Americans’ Love for the Open Road and its Implication for EV Range
For over a century, Americans have been enamored with the idea of hitting the open road and embarking on a classic road trip. However, this same “live free or die” mentality has also made the US slower to adopt electric vehicles (EVs) until recently. For Americans, the open road is freedom, and the need to frequently stop and charge is seen as an intrusion.
The Nuanced Understanding of Range Limitations among American Consumers
Recent data on ranges for EVs sold in the US shows that Americans are demanding the longest ranges in the world, roughly a third more than the global average. The average EV range is on the cusp of exceeding 300 miles, a key psychological barrier. Americans spend more time in their cars than drivers in any other country. US road travel totals about 4 trillion miles per year, or roughly 14,500 miles per person, a third more than any other country. That makes range anxiety particularly acute for Americans, whose access to charging networks is still limited.
The Challenge of Figuring Out How Much Range is Really Needed
The problem is that a car rated for 250 miles of range doesn’t actually provide 250 miles of reliable range. The number drops when you turn on the heater or air conditioning or drive in the rain or against a strong wind. Sudden stops and frequent braking also eat up mileage. So does driving over 60 miles per hour, loading the car with passengers and luggage, or using a ski or bike rack. Even under perfect conditions, drivers can’t count on all of those rated miles. Just like with a gasoline tank, running a battery down to empty risks leaving you stranded, so it’s important to hold some miles in reserve.
The Problem with Relying on Rated Miles and the Importance of Holding Some Miles in Reserve
All of these factors together can easily reduce the usable range on a 250-mile battery down to 90 miles. On its face, 90 miles seems like it should be plenty to cover the average day for most drivers. But plenty of days aren’t average: the times you forget to plug your car in at night, or lose power, or unexpectedly need to run extra errands or check in with a friend on the other side of town.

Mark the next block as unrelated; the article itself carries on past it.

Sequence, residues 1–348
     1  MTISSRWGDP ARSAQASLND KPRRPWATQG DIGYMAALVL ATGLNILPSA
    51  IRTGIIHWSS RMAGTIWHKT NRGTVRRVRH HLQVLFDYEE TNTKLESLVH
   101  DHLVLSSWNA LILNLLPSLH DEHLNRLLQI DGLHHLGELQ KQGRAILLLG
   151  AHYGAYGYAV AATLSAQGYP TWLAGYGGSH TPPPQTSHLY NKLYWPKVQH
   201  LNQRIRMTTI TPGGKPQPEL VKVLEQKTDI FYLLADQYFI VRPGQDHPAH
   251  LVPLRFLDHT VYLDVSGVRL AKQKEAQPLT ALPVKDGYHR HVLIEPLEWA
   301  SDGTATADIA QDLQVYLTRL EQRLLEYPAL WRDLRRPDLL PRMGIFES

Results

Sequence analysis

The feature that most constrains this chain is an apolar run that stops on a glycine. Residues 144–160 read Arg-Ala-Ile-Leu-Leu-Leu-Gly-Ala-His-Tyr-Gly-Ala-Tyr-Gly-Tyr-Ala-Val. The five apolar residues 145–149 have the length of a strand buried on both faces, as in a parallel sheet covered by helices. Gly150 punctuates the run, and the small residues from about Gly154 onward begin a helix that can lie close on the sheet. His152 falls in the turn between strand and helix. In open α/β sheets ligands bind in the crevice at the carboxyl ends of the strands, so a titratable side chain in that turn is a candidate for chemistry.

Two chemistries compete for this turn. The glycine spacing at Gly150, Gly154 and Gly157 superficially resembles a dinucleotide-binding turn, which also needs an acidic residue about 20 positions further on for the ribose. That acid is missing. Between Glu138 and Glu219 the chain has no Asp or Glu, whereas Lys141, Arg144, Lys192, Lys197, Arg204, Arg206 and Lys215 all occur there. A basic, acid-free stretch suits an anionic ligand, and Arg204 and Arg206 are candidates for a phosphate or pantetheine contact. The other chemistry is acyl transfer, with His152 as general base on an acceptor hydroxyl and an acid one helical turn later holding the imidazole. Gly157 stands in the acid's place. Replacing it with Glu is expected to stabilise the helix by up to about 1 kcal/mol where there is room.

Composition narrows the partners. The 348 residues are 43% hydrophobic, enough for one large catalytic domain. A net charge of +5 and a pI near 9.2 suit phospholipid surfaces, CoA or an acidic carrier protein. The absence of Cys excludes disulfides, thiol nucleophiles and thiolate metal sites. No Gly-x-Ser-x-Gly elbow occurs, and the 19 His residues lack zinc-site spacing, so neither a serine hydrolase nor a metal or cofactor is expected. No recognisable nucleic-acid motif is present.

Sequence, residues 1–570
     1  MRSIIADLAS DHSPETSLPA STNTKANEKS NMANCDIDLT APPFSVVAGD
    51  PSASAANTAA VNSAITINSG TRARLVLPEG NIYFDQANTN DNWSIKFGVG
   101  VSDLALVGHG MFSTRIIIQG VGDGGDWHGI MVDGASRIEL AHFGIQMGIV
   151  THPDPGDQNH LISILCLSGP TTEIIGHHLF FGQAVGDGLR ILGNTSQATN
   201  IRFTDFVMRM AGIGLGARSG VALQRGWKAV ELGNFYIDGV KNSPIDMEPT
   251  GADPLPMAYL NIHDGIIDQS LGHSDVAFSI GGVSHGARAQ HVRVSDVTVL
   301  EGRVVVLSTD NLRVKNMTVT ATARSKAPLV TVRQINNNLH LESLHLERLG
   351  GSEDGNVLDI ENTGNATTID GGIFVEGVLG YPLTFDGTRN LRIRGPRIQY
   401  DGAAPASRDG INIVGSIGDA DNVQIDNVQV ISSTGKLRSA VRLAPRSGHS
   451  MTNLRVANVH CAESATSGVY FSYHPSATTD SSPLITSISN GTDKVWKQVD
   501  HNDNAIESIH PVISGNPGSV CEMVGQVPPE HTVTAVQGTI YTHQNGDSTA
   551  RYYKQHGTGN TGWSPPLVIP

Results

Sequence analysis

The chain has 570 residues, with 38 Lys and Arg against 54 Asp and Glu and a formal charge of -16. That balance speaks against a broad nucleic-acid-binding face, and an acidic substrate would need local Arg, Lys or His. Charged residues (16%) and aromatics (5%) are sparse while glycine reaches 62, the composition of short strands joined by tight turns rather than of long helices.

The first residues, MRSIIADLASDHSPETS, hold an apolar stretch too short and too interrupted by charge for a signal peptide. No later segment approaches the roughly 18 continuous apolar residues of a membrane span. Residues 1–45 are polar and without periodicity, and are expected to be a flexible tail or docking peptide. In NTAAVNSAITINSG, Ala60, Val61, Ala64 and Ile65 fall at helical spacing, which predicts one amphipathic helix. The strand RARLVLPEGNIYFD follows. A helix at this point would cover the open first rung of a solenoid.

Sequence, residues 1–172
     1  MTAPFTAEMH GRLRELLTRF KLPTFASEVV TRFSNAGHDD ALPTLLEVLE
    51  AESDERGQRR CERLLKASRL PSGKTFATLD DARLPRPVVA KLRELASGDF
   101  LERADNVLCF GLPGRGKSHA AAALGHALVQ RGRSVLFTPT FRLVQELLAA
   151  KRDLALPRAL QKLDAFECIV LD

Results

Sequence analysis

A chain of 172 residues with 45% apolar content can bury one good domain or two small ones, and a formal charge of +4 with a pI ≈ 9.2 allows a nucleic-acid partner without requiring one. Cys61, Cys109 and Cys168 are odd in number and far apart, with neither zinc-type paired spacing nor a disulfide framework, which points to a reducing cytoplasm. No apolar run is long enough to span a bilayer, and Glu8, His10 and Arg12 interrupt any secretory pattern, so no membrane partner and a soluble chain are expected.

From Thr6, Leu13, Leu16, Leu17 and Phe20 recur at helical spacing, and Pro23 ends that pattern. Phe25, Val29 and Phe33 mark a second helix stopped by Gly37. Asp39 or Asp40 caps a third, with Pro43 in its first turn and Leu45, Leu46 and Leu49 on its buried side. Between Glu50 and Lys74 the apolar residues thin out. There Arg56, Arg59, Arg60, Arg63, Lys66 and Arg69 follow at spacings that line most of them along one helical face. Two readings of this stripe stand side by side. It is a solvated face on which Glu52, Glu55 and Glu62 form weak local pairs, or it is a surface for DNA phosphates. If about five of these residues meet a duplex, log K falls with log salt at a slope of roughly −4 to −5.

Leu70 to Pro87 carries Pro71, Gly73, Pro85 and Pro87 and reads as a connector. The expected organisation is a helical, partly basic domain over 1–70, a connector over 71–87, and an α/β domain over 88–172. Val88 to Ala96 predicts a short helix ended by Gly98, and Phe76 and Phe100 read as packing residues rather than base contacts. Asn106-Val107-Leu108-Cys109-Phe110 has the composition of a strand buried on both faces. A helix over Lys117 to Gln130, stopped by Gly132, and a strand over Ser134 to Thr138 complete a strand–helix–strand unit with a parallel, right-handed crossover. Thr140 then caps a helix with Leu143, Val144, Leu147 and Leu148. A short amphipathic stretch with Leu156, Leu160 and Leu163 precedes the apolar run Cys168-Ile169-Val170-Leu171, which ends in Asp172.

Why Longer-Range Batteries Are Better Suited to Fast Charging
A little quirk of EV charging is that it’s typically much faster to add a few miles of charge to a big battery than to a smaller one. That’s because longer-range batteries are made with materials better suited to fast charging. Also, once a battery is half full, the charging rate begins to slow, so smaller batteries spend less time adding miles at their maximum charge rate. Drivers have to plan their pit stops accordingly.
The Myth that Supplies of Battery Minerals Can’t Grow Any Faster
Some argue that given the world’s stretched battery supply, carmakers should prioritize smaller EVs or plug-in hybrids. The rationale is that we should dole out what we’ve got to the largest number of vehicles possible. But this battery-maximizing strategy rests on the myth that supplies can’t grow any faster, a notion debunked by a century of mass manufacturing.
The Promise of Range-Expanding Battery Chemistries
Another way battery supplies are growing is with range-expanding battery chemistries that increase output using the same amount of key materials. For instance, a new generation of battery suppliers is adding increasing amounts of silicon to the anode, which is the part of the battery responsible for storing lithium electrons after a charge. This simple tweak can instantly boost the range by 20%.
The Environmental Cost of Giant EVs
Another argument against big batteries is that they add to the significant environmental cost of EV manufacturing. Giant EVs like the 400-mile-range Chevy Silverado pickup coming later this year have roughly the same lifetime environmental footprint as a gasoline-powered Honda Civic, according to some analyses. This is because the large battery requires more resources to manufacture and transport.
The Scale of Environmental Achievement Inherent to Long-Range EVs
However, the counterargument is that long-range EVs can make a much larger environmental impact over their lifetime compared to smaller EVs or gas-powered cars. This is because EVs emit no tailpipe emissions and the electricity used to power them can increasingly come from renewable sources.
The Importance of Accommodating Different Lifestyles and Budgets
It’s important to note that not every driver needs or wants a car with 300 miles of range. Some drivers have short commutes or access to charging at work or home, while others may have a tighter budget. It’s important for automakers to offer a range of options to accommodate different lifestyles and budgets.
The Positive Impact of Longer Ranges on EV Adoption in the US
Ultimately, longer ranges can have a positive impact on EV adoption in the US. Longer ranges can help address range anxiety and make EVs more practical for longer trips. As charging infrastructure continues to expand, longer ranges will become even more valuable. Additionally, as battery costs continue to fall, longer ranges can become more affordable and accessible to a wider range of consumers.